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Cancer and Laparoscopy Cancer and Laparoscopy

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Unread 03-23-2004, 04:41 AM
Cancer and Laparoscopy

Hi All:

I'm schedule for TAH in two days (3.25) I recently asked my DR about the possibility of Laparoscopy. Her assistant said, if I was determined eligible, they would need to reschedule because it would require a second surgeon to help. They do it as a "study."

I have early stage endo cancer...they will be taking out all of my pieces and parts (ovaries still my decision, but I can't get anyone to tell me not to do it.)

Has anyone with cancer ever had it done this way? Do you know if they can get everything out? My doctor will be calling me today to further discuss. It's last minute which makes me a little stressed.

Do you think this is feasible?

Any advice?


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Unread 03-23-2004, 08:42 AM
Cancer and Laparoscopy

losolo --
My surgeon did mine with laparoscopy! I had endometrial cancer (see sig). I don't know if she needed a second surgeon.

They got Everything out. Followed up with radiation to ensure that no 'stray' cells were hanging around.

I wasn't really given the option to keep my ovaries, but I wanted them out so it wasn't a big issue.

I was surprised that laparoscopy was even an option for me, because the regular gyn said she was sure I could ONLY have a TAH. Yay for the gyn/onc/surgeon!

That being said, I don't know if this lymphocele I have is a result of the surgery. Please ask about this during your consultation, as I won't be getting a detailed explanation until Friday. Ask the surgeon, "Is there a risk of developing a lymphocele as a result?" She may just give you a funny look -- she may not even have heard of it -- but you really don't want to develop a lymphocele (pocket of lymphatic fluid).

I really don't know if I have this because she did it laparascopically, or if it's simply because she had to 'mess with' lymph node testing -- or if it's a result of the radiation and not the surgery at all. NOT saying this to scare you!! Not at all! I'm only saying this just in case it was a side-effect of doing the surgery laparascopically.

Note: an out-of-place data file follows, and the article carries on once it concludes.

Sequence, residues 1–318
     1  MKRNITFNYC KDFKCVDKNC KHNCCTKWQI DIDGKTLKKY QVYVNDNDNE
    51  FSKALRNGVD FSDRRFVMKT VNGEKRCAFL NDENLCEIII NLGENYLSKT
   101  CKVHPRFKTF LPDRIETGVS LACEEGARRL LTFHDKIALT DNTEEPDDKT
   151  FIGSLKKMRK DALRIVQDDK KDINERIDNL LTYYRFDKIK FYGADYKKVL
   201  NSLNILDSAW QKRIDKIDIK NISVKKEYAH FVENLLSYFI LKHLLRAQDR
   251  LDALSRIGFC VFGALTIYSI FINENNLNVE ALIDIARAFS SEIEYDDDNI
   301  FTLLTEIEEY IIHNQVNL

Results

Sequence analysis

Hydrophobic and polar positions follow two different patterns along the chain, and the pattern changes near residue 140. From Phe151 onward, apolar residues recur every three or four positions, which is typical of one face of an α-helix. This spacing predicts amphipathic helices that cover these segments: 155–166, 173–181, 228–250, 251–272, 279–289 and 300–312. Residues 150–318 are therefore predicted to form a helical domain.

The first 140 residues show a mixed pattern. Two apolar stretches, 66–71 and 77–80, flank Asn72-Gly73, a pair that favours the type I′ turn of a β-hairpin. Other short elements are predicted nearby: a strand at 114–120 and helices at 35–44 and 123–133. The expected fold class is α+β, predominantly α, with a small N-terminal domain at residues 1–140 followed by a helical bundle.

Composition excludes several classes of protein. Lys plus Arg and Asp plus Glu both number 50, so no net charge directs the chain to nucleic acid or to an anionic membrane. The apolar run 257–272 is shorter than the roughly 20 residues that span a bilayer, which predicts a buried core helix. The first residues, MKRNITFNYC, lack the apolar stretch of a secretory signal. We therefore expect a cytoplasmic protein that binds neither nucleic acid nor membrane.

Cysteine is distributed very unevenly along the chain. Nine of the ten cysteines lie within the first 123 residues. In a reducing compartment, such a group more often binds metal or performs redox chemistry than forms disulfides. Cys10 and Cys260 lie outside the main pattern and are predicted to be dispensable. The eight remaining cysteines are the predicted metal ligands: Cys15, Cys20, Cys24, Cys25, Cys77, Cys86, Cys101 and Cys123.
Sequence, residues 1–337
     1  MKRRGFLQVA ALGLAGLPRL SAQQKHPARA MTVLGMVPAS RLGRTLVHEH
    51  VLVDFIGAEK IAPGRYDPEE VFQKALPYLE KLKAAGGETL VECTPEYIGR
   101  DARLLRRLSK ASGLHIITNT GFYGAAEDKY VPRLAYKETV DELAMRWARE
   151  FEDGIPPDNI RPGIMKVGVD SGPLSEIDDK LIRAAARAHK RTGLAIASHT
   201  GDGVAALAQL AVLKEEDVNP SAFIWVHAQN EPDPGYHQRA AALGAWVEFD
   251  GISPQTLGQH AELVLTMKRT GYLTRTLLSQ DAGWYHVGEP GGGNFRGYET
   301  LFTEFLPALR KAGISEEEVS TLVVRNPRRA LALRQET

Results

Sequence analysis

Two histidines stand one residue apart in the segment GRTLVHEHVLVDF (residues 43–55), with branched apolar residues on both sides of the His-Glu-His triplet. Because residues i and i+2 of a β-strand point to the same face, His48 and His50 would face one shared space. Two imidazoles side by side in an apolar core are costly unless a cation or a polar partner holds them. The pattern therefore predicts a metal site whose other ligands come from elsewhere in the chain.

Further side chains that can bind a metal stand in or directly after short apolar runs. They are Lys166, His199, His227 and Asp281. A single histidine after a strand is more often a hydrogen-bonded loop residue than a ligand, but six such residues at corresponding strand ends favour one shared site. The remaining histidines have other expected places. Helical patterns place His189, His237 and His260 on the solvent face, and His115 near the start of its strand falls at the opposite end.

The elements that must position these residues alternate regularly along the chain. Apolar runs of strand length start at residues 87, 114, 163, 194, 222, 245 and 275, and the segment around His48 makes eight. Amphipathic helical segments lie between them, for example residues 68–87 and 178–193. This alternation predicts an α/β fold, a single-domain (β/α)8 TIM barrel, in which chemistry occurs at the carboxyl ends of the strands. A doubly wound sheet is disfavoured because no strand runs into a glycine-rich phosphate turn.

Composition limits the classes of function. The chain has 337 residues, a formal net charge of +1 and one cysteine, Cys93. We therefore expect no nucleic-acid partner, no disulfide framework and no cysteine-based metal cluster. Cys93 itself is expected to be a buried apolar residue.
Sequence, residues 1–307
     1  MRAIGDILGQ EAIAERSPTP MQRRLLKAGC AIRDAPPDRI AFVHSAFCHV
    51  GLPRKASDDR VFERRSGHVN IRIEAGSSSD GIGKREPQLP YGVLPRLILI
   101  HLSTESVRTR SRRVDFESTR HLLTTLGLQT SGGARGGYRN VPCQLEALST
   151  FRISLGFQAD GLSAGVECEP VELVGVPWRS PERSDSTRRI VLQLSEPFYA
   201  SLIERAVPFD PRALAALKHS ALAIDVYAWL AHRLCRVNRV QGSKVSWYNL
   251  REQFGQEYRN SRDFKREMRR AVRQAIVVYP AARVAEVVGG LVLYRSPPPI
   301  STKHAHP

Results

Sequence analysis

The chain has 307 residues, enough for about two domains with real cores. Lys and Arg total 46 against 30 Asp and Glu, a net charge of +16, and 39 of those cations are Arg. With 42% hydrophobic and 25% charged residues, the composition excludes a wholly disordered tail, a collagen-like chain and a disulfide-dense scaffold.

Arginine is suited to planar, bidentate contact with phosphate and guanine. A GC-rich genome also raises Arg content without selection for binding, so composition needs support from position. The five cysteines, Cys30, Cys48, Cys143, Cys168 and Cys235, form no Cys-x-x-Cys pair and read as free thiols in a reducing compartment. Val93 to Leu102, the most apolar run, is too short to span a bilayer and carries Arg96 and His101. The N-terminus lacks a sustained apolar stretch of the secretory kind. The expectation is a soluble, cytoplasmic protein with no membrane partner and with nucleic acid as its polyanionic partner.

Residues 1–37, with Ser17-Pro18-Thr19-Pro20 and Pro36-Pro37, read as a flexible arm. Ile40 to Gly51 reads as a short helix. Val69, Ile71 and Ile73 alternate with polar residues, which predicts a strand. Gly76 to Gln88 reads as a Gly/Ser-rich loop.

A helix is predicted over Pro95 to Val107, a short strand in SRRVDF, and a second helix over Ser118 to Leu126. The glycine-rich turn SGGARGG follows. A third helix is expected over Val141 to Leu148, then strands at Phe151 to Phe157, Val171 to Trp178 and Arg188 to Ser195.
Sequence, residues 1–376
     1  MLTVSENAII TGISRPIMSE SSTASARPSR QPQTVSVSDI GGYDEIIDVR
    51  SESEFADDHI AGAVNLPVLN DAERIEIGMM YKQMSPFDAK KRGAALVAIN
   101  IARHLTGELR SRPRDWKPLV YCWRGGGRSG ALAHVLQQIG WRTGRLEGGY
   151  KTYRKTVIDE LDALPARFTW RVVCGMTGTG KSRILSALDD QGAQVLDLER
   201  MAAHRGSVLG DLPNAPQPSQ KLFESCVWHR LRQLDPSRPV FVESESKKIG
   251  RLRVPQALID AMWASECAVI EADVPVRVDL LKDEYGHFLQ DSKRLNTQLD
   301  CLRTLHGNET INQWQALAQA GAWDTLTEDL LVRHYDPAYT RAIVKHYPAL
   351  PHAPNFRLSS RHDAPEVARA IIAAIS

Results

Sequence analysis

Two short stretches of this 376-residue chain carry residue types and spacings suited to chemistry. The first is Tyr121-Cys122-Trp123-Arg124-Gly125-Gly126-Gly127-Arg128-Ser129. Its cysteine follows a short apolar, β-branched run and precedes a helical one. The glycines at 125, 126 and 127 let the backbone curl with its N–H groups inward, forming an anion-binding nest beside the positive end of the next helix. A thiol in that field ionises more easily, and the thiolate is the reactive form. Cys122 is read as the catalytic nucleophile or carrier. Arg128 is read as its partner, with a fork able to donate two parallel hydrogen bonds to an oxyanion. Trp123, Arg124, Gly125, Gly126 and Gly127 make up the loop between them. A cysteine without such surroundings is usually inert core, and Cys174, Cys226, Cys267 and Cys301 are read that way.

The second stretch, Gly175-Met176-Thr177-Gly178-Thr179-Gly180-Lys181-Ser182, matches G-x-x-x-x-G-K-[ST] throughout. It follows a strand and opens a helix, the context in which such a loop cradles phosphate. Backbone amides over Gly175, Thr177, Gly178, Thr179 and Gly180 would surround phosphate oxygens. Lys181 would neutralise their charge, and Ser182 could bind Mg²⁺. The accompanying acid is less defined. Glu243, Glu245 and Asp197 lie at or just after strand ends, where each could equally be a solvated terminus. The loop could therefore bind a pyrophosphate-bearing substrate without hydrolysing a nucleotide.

Very best wishes on your consultation and finding the best possible procedure for your body! Feel free to PM me if you have questions -- I'll be checking back in at least once more today.
Unread 03-23-2004, 09:09 AM
Cancer and Laparoscopy

Hi (((L.))) Surgery showed I had early stage endo cancer so I will share my experience with you. Initially I was dxed with severe hyperplasia with atypia - was considered pre-cancerous but with caveat cannot rule out endo cancer. Given my age and fact I was post-menapausal, hormone therapy had to be ruled out so then I sought the less invasive surgical approach - laproscopic surgery. My new gyn (I had just moved and thus had to find someone fast and thank God my new regular physician recommended her gyn) said she would not do nor recommend a lap. surgery given my dx and explained that if cancer were detected, lymph nodes needed to be looked at/possibly dissected and she wanted to see other parts, etc.; she also said a sterile wash would be needed if cancer were found. Then she topped it all off by saying she would do a vertical vice horizontal incisions so that more parts and particularly all lymph nodes would be easier accessible if I had cancer. She ended by saying she had no problem with my going to someone else if I want to try a lap surgery and would even recommend one to me.
This gyn has 25 plus years of experience, is very well respected and was recommended to me by a doctor who said if she needed surgery they would go to her. She also just stopped teaching at a major university med school last year so is well up on various surgical techniques, etc. Despite these great credentials, stubborn me went for two other opinion - one from a gyn/onc and the other from the head of a major univ gyn department who also is a former head of the gyn society of America- all 3 docs strongly recommeded TAV/BSO and praised my doctor so the answer for me was crystal clear.
My gyn had a gyn/onc assist with the surgery. They found cancer and the gyn/onc did a sterile wash and also reviewed all lymph nodes but did not need to dissect given the location, size, type and early stage of the tumor. I needed no further treatment and only have to go for 6 month check-ups, including paps, for then next several years.
As you will see on this site, the majority of women with cancer or pre-cancer conditions will have their surgery done by a gyn/onc or with a gyn/on on the team as these doctors have the most experience with cancer. It is something you may want to consider. Sorry if the above is not what you preferred to hear. I will keep you in my prayers for an easy surgery and recovery. Blessings, peggiesue
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Unread 03-23-2004, 10:07 AM
same advice